Socrates tends to be more competent in involving the audience in the argument and developing emotion towards them, raising their questions to Gorgias’ field of expertise, rhetoric. “You should bear in mind our present situation and realize that I have your best interests at heart. It's quite possible that there are people here in the house with us who'd like to become students of yours . . . yes, I can see a few candidates--well, quite a lot, in fact. They might be too embarrassed to subject you to questioning, so as I put my questions, you should imagine that it's actually they who are asking you, 'What will attending your courses hold for us, Gorgias? What will we be able to advise Athens on? Only matters of right and wrong, or the subjects Socrates mentioned just now as well?' What do you have to say in reply?” (Plato 15). Socrates also seems to have display his ability of using pathos appeal, by developing connection with the audiences, he was able to represent the crowd, in which he spoke on their behalf in order for them to learn about the truth of rhetoric. Pathos appeal is persuasion by appealing to an individual’s emotion. Socrates went for the audiences’ attention and once he had it, he then started to exploit rhetoric to the audiences. Socrates would build up Gorgias’ confidence by flattering Gorgias that there are a lot of people who would like to be Gorgias’ students. Thus, Gorgias started to feel arrogant and stating that there’s no one better in expressing ideas better than Gorgias, in which he will be very embarrassed when he lose.
Socrates also shown to use pathos appeal in his argument against Gorgias by making use of Gorgias’ emotions and using sarcasm to embarrass Gorgias. In the dialogue, Plato suggested, “ I thought you were being inconsistent and so I said what I said about how our discussion would be worthwhile if you were like me and saw the profit in being proved wrong, but that otherwise we should just forget it …” (Plato 22). With this, Socrates concluded that Gorgias is not better than him and his inconsistency in answering Socrates’ questions. In addition, Socrates indirectly proved to Gorgias that he is not a great rhetorician, as Gorgias shows incapability to provide the definite answers and Gorgias is no longer interested on being pointed out wrong. Furthermore, pathos appeal affects the audiences to side with Socrates, in which Socrates proved to them that Gorgias, who claimed to be an expert in rhetoric, showed to be inconsistent in his own expertise and failed to describe the purpose rhetoric to Socrates. Gorgias who was feeling arrogant before, is embarrassed after losing the argument.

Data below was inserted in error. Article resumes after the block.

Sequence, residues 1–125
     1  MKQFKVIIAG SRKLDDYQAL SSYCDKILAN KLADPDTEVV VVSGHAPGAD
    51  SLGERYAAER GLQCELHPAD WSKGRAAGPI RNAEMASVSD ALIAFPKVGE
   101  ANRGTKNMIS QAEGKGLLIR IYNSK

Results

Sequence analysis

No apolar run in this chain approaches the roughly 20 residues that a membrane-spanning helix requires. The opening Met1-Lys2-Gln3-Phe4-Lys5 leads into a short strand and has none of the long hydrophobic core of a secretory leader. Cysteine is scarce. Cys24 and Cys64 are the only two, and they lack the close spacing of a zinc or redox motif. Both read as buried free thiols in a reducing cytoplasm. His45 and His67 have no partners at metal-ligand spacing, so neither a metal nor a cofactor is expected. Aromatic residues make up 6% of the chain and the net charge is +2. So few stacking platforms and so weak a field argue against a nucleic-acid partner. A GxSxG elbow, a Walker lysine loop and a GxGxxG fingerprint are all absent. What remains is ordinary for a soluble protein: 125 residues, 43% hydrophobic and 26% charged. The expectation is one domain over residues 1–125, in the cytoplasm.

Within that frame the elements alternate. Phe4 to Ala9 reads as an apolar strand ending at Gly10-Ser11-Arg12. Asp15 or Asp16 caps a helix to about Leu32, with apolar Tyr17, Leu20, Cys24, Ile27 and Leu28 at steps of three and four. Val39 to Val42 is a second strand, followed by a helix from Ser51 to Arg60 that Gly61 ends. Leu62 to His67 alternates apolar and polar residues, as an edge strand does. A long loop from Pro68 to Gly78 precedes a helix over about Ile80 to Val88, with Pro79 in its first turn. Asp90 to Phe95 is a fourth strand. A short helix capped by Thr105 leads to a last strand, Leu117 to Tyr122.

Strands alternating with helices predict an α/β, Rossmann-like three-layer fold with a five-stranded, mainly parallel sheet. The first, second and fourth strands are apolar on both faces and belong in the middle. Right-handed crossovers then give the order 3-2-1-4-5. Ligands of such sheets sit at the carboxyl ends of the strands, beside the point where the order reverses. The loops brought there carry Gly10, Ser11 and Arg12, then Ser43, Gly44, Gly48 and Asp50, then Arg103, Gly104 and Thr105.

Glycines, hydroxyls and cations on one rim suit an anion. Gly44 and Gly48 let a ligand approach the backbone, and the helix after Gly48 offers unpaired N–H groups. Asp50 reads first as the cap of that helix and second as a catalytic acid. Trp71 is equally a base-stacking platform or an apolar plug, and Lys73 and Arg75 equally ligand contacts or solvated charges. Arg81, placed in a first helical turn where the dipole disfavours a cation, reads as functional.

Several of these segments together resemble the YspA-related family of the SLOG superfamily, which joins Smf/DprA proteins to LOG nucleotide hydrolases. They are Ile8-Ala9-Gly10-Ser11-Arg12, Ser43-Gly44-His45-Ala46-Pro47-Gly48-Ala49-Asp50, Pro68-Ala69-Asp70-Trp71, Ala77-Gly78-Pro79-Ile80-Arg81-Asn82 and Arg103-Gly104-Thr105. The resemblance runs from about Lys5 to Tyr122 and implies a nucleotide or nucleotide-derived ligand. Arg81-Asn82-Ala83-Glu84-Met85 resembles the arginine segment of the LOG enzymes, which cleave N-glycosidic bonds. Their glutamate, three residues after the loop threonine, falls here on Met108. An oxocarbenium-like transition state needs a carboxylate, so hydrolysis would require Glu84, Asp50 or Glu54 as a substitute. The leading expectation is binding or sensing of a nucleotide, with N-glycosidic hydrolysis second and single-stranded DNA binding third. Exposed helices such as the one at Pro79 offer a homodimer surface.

Socrates believes that true extent of knowledge is something that will benefit
Everyone and rhetoric seems to be skills that only benefit individual interest. Socrates seems to have shown the nature of rhetoric and declares that the skill is a flattery, and only ignorant crowd can be convinced with rhetoric. On the other hand, Gorgias believes that rhetoric can help an individual to strengthen their verbal communication skills. In this conversation, Socrates seems to be able to use rhetorical appeals to win his argument with Gorgias by proving him wrong. In addition, he also believes that truth is a matter of belief and persuasion, unlike Socrates who believes that the truth is a matter of knowledge and truth. Rhetoric can be said to improve the quality of speech through the appropriate usage of words and without realization, Socrates win the argument by using rhetorical appeals to corner Gorgias and trapped him into answering Socrates’ questions with limited usage of words. Moreover, Socrates wins the audience over and makes them realize that Gorgias’ claims are wrong.

Works Cited
Plato. Gorgias. Trans. Robin Waterfield. OXFORD. OXFORD UP, 1998.Print